The eastern flank of North Carolina’s famed golfing Sandhills provides ideal conditions for golf’s greatest architects to sculpt and refine their masterpieces.
FAYETTEVILLE, N.C. (April 2016) — Fayetteville’s military ties and down home atmosphere extend well beyond the gates of Fort Bragg and even the city limits. It’s not uncommon on any given day to find soldiers relaxing in local parks, visiting shopping areas, enjoying outdoor dining, even teeing up alongside fellow locals on one of the region’s array of outstanding golf courses.
Progress continually marches on across the Fayetteville region, particularly on city’s golfing “south side.” It is here, where settlements date back more than 200 years, that perhaps the most authentic blending of the old and the new is currently taking place. Newcomers looking for a slightly slower pace of life on the outskirts of Fayetteville seem to be flocking more and more to this particular region.
Not surprisingly, when the new became a little old and worn down at one of the region’s premier courses, the owners decided to take preservation matters in their own hands. The result? Carolina’s “Bayonet” never looked sharper and its “Puppy Creek” remains as frisky as ever.
Historically one of the great names in golf, the Bayonet at Puppy Creek golf course located in Raeford recently got re-energized. Thanks to a recent upgrade – or reboot if you want to use the modern high-tech word – this Fayetteville area favourite is now enjoying a spring grow-in period. When complete, the Willard Byrd designed classic will truly be a must add to your 2016 golf course wish list.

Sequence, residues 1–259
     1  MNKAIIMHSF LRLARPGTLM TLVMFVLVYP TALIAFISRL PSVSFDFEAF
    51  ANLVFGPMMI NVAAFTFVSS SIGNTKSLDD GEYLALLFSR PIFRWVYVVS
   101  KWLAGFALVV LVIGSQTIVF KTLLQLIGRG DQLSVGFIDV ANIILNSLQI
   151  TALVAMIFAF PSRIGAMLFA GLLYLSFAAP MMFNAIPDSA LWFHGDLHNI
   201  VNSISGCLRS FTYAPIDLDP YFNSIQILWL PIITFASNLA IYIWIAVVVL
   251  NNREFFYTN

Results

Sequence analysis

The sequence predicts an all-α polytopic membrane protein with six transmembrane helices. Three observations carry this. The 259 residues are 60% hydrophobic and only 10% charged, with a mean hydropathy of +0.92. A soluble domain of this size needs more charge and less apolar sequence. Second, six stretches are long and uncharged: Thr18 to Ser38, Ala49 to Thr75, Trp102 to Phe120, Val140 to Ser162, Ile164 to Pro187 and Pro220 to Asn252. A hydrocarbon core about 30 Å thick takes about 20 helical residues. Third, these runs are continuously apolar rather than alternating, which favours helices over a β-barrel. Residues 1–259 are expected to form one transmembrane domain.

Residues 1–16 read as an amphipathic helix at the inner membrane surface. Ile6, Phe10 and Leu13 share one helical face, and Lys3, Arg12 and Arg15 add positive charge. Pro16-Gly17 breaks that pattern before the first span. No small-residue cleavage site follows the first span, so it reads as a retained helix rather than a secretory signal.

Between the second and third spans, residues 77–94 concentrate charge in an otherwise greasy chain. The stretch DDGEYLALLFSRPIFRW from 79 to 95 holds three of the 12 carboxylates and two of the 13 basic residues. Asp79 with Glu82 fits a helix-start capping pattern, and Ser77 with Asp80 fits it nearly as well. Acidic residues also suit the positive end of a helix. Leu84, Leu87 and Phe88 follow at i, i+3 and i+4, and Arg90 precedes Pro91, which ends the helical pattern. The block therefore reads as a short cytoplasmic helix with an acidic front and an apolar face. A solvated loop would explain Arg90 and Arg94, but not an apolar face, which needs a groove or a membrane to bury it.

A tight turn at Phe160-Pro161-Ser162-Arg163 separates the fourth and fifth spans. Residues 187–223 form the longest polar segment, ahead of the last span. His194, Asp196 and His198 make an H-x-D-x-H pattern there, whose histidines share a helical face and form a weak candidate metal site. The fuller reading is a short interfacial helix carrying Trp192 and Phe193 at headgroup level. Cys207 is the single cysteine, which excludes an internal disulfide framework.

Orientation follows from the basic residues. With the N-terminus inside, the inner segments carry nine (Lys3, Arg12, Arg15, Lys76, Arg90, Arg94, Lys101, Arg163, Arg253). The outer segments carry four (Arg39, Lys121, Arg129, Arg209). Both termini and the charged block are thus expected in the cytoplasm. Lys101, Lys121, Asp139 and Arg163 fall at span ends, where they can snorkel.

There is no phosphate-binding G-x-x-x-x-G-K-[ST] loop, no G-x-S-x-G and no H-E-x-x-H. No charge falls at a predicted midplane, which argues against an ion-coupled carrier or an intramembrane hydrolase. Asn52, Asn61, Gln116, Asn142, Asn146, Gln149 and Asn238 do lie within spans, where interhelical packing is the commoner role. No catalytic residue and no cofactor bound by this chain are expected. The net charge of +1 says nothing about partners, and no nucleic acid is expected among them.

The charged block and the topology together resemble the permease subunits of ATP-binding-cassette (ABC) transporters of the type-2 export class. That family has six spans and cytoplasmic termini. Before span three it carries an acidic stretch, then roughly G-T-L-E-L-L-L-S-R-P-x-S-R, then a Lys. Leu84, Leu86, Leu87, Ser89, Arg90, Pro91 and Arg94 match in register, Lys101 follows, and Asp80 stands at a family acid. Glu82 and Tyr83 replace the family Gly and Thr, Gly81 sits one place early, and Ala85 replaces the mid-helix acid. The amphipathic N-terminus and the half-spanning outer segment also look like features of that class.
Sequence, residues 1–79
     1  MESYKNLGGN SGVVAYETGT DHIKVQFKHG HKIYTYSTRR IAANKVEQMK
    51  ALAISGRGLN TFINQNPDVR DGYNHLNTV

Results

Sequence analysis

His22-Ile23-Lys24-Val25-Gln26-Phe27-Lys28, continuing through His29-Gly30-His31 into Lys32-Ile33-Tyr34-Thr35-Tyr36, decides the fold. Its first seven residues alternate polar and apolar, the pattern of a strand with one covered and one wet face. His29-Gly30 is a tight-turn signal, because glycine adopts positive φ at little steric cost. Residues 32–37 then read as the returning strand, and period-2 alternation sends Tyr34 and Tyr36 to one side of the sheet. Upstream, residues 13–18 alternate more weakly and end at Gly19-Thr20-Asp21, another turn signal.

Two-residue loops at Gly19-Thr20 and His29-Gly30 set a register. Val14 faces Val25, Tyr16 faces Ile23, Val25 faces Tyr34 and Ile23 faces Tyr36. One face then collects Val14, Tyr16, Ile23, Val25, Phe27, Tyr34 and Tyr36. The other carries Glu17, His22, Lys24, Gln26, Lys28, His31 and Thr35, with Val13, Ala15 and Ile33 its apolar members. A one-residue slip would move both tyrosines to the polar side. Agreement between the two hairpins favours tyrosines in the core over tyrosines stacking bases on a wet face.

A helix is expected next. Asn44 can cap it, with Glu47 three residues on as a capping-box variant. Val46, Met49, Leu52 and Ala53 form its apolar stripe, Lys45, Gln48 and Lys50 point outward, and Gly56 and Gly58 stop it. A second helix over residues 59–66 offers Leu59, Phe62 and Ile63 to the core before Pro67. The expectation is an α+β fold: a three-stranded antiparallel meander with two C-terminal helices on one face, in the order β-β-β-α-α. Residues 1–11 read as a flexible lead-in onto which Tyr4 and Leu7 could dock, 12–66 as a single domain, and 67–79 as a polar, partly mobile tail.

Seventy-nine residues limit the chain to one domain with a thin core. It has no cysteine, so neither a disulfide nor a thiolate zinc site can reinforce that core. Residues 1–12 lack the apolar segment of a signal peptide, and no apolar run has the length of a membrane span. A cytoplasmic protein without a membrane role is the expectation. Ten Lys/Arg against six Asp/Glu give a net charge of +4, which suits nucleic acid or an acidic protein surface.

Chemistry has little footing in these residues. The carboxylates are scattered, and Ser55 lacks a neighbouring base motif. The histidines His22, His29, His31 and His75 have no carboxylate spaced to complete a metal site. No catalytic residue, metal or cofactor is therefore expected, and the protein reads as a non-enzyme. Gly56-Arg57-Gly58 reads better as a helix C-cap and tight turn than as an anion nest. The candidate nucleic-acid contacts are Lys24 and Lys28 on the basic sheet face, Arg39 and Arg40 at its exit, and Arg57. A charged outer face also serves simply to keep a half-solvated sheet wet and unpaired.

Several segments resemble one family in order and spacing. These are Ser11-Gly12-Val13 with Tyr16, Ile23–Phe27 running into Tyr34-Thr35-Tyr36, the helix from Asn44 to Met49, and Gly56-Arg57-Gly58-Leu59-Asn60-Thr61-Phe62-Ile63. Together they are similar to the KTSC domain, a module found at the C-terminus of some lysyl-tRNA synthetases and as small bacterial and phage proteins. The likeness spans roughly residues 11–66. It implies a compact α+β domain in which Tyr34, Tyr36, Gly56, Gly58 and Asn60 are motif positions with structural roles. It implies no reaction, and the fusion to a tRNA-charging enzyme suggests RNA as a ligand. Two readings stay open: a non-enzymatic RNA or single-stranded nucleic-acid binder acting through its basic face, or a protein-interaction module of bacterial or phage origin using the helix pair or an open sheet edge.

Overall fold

True, the recent improvements across the traditional layout don’t add up to a total rebuild. The green complexes have stayed basically the same and the carpets are as smooth rolling as they have been for the past 21 years since Bayonet’s debut. But oh, have the look and playability been enhanced.
It’s important to note that there are two things that Bayonet at Puppy Creek has always had going for it. First, due to its rolling, Sandhills location, the 7,056-yard layout from the tips – sculpted from lush woodlands and winding creek waters – has always had plenty of sand at its disposal. Secondly, the owner and operator of the facility (Carolina Turf Farms, Inc.) brings with it 30 years of turfgrass experience. So when the partners decided to advance the design, the manpower, expertise, equipment and materials were readily available.
And their recent efforts have paid off.
Ownership’s goal throughout the recent off-season was mainly to blend the course back into nature, though drainage and maintenance issues were also addressed. The facelift – the first major one undertaken at Bayonet since its inception 21 years ago – promises to breath new life into the design.
The first thing return players will notice is the blending of natural grasses in sandy areas along with other indigenous plants. This gives Bayonet more of that retro “Donald Ross” feel that is all the rage just across the way in Pinehurst. There was also a removal of several unnecessary bunkers and a reshaping and refreshing of many of the remaining ones.